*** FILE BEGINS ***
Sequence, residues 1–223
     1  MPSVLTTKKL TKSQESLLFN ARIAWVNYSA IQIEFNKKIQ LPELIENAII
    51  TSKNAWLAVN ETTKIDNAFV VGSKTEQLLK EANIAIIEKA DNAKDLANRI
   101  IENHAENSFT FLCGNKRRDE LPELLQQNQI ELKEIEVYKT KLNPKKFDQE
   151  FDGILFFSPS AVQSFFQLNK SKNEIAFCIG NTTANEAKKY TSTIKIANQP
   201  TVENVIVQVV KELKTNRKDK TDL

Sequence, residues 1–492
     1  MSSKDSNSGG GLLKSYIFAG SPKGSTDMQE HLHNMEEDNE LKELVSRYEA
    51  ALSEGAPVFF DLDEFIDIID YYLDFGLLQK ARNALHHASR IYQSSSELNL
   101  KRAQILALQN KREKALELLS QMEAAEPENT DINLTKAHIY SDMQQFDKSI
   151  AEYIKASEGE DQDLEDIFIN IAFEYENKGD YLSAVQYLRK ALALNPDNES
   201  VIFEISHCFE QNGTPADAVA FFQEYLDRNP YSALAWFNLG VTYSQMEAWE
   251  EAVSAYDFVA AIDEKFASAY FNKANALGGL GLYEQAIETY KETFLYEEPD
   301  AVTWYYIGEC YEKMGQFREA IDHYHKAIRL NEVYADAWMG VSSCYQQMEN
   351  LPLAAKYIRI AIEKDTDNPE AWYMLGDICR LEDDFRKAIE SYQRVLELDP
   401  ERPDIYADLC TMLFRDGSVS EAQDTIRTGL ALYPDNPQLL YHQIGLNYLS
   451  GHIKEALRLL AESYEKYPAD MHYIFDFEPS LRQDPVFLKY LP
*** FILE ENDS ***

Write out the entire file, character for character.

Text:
Sequence, residues 1–223
     1  MPSVLTTKKL TKSQESLLFN ARIAWVNYSA IQIEFNKKIQ LPELIENAII
    51  TSKNAWLAVN ETTKIDNAFV VGSKTEQLLK EANIAIIEKA DNAKDLANRI
   101  IENHAENSFT FLCGNKRRDE LPELLQQNQI ELKEIEVYKT KLNPKKFDQE
   151  FDGILFFSPS AVQSFFQLNK SKNEIAFCIG NTTANEAKKY TSTIKIANQP
   201  TVENVIVQVV KELKTNRKDK TDL

Sequence, residues 1–492
     1  MSSKDSNSGG GLLKSYIFAG SPKGSTDMQE HLHNMEEDNE LKELVSRYEA
    51  ALSEGAPVFF DLDEFIDIID YYLDFGLLQK ARNALHHASR IYQSSSELNL
   101  KRAQILALQN KREKALELLS QMEAAEPENT DINLTKAHIY SDMQQFDKSI
   151  AEYIKASEGE DQDLEDIFIN IAFEYENKGD YLSAVQYLRK ALALNPDNES
   201  VIFEISHCFE QNGTPADAVA FFQEYLDRNP YSALAWFNLG VTYSQMEAWE
   251  EAVSAYDFVA AIDEKFASAY FNKANALGGL GLYEQAIETY KETFLYEEPD
   301  AVTWYYIGEC YEKMGQFREA IDHYHKAIRL NEVYADAWMG VSSCYQQMEN
   351  LPLAAKYIRI AIEKDTDNPE AWYMLGDICR LEDDFRKAIE SYQRVLELDP
   401  ERPDIYADLC TMLFRDGSVS EAQDTIRTGL ALYPDNPQLL YHQIGLNYLS
   451  GHIKEALRLL AESYEKYPAD MHYIFDFEPS LRQDPVFLKY LP